Responses to Poems

Satisfactory Essays
Responses to Poems

Poetry is known to stimulate powerful responses in readers. Examine

your reactions to these poems. How do they make you feel and why?

Analyse the link between the various techniques used by the poets and

your personal response. Use detailed references to the poems to

support your comments.

Reactions: #1 Reader feels disturbed; unsettled, because (No more

Hiroshimas) d and u poet speaks about relics of the attack that remind

us people were the victims of these attacks, not just buildings or

far-off governments or high-flown principles (The Day After) d and u

reader does not know who is right and who is wrong-what should the

Americans have done rather than cause so much suffering? Was there

another way to end the war? Could the countries have worked something

out? (Monuments of Hiroshima) u only was a 'wooden box' too much to

ask for? We should give the victims of the attacks some more

substantial monuments, something that respects their courage or at

least their individuality-makes reader think (Ghosts, Fire, Water) d

and u the reader almost feels scared, frightened of the ghosts, who

are reaching out their hands and blaming us, and he/she wants to run

away, or find some excuse for the bombings, but cannot reader also

wants to deny that he/she ever stopped "loving others", but cannot

These poems make the reader feel unsettled. In "No More Hiroshimas",

the poet describes Hiroshima as "a town like any other//Ramshackle,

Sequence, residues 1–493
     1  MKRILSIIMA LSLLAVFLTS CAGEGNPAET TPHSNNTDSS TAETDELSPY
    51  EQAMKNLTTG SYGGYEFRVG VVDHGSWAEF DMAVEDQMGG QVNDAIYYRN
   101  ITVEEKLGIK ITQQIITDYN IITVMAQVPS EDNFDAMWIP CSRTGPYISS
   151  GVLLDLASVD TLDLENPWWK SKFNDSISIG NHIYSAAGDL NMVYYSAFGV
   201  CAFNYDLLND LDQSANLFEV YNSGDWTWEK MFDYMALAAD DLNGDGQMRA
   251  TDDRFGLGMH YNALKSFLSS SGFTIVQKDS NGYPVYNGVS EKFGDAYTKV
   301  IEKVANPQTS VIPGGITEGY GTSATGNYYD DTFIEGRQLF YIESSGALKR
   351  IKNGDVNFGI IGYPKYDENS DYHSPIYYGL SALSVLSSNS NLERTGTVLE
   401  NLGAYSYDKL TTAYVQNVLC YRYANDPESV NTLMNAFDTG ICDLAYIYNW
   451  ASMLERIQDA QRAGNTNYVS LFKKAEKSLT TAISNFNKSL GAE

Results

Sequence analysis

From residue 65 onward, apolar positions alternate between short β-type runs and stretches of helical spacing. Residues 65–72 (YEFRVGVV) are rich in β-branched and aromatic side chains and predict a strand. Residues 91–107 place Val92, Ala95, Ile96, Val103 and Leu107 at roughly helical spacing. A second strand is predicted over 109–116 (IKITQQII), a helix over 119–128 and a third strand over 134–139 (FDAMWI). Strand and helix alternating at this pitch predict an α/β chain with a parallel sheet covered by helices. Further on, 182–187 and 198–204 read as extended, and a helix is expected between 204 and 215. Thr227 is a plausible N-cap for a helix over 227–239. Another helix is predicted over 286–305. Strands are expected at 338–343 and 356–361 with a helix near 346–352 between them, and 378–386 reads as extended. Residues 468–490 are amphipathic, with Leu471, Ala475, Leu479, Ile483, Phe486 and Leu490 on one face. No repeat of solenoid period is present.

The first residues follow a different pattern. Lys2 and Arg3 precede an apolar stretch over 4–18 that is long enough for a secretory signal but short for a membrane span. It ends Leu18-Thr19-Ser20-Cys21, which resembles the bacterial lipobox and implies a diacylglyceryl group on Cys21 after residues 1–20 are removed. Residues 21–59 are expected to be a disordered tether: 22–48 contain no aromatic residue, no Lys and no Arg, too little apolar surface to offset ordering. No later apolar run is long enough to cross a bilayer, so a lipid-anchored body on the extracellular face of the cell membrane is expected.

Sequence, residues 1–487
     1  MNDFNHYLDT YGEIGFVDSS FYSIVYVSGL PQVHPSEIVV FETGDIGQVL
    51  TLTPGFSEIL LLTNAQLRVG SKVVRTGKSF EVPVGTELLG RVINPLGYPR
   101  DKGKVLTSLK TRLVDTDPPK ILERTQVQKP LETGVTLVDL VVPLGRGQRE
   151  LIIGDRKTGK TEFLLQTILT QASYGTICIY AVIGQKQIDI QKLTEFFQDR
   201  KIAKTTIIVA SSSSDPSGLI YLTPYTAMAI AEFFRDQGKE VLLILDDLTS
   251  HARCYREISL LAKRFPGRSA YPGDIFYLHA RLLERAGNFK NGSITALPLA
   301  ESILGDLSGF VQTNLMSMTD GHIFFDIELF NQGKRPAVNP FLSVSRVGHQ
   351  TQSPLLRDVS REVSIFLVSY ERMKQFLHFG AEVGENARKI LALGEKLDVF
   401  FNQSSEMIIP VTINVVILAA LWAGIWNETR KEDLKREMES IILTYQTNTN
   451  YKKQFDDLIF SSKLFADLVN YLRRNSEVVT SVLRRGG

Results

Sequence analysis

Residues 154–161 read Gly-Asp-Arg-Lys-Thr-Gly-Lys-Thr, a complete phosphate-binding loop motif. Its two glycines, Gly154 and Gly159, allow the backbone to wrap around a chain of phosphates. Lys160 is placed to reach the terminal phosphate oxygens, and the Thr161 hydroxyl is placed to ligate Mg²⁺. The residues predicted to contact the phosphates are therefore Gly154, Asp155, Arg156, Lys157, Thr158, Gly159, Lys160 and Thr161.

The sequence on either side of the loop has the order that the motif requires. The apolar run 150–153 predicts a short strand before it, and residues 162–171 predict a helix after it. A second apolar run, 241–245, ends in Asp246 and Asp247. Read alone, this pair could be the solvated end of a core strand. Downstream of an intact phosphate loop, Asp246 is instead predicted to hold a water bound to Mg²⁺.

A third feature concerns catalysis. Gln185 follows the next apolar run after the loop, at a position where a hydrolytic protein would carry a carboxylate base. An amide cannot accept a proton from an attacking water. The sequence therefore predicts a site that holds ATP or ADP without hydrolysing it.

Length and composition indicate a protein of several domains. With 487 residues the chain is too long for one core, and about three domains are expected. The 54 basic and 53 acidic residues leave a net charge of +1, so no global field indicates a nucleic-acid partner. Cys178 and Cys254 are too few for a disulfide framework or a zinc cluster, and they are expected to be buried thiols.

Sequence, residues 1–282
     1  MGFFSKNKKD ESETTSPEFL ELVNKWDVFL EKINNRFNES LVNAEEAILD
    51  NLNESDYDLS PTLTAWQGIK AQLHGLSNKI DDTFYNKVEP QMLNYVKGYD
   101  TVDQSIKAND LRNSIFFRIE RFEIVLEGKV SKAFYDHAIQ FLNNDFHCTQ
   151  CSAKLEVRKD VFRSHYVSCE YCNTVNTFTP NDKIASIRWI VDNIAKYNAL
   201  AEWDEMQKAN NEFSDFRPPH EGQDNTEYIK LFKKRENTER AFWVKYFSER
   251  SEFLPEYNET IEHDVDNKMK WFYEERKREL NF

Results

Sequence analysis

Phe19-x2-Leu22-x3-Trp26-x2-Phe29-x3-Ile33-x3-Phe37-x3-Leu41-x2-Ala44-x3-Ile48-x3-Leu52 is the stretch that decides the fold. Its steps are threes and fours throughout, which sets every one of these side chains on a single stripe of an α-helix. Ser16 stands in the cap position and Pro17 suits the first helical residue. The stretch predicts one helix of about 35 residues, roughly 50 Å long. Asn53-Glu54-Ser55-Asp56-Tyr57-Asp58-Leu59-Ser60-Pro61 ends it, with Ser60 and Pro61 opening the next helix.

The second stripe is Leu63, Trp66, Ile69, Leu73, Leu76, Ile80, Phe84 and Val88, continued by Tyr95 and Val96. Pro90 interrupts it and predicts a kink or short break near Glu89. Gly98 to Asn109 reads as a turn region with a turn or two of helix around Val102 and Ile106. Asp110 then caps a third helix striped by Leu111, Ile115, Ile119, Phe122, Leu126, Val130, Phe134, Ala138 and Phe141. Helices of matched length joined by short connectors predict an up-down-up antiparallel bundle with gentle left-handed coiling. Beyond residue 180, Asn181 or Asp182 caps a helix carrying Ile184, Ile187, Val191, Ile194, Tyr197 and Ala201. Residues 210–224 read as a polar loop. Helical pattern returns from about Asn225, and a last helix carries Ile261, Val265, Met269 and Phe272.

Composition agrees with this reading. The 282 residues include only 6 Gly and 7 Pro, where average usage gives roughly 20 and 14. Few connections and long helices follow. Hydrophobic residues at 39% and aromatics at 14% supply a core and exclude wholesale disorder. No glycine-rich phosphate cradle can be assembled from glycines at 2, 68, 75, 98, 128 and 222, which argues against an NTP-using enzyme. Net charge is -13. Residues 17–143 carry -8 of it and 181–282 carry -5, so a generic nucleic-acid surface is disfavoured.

muddy, noisy". This makes the reader feel bad, and wonder why, if

Hiroshima was so ordinary, it had to be destroyed. It makes the reader

question how random the attacks that day were, and how much was

planned. The poet also speaks of relics of the attack with great

vividness and descriptive language: "The bits of burnt clothing,//The

stopped watches, the torn shirts.//The twisted buttons". These relics

are all to do with people; i.e., they are clothes or shoes or

jewellery. The poet uses this vibrant imagery to remind us people were

the victims of these attacks, not just buildings or far-off

governments or high-flown principles. The reader realizes how inhumane

the attack on Hiroshimawas. In "The Day After", the reader feels

uncertain because the poet has left him/her 'sitting on the fence',

unsure of whom is right or wrong. Edward Lowbury describes Hiroshima's

pain with such intensity one cannot help but feel for the people-yet

he also tells the reader "every scar of it's their fault".

#2 Reader feels sad, because (No more Hiroshimas) The bomb left an

ordinary, run-of-the-mill town in pieces; killed its people, destroyed

its beautiful landmarks, and above all, saw that Hiroshima would, in a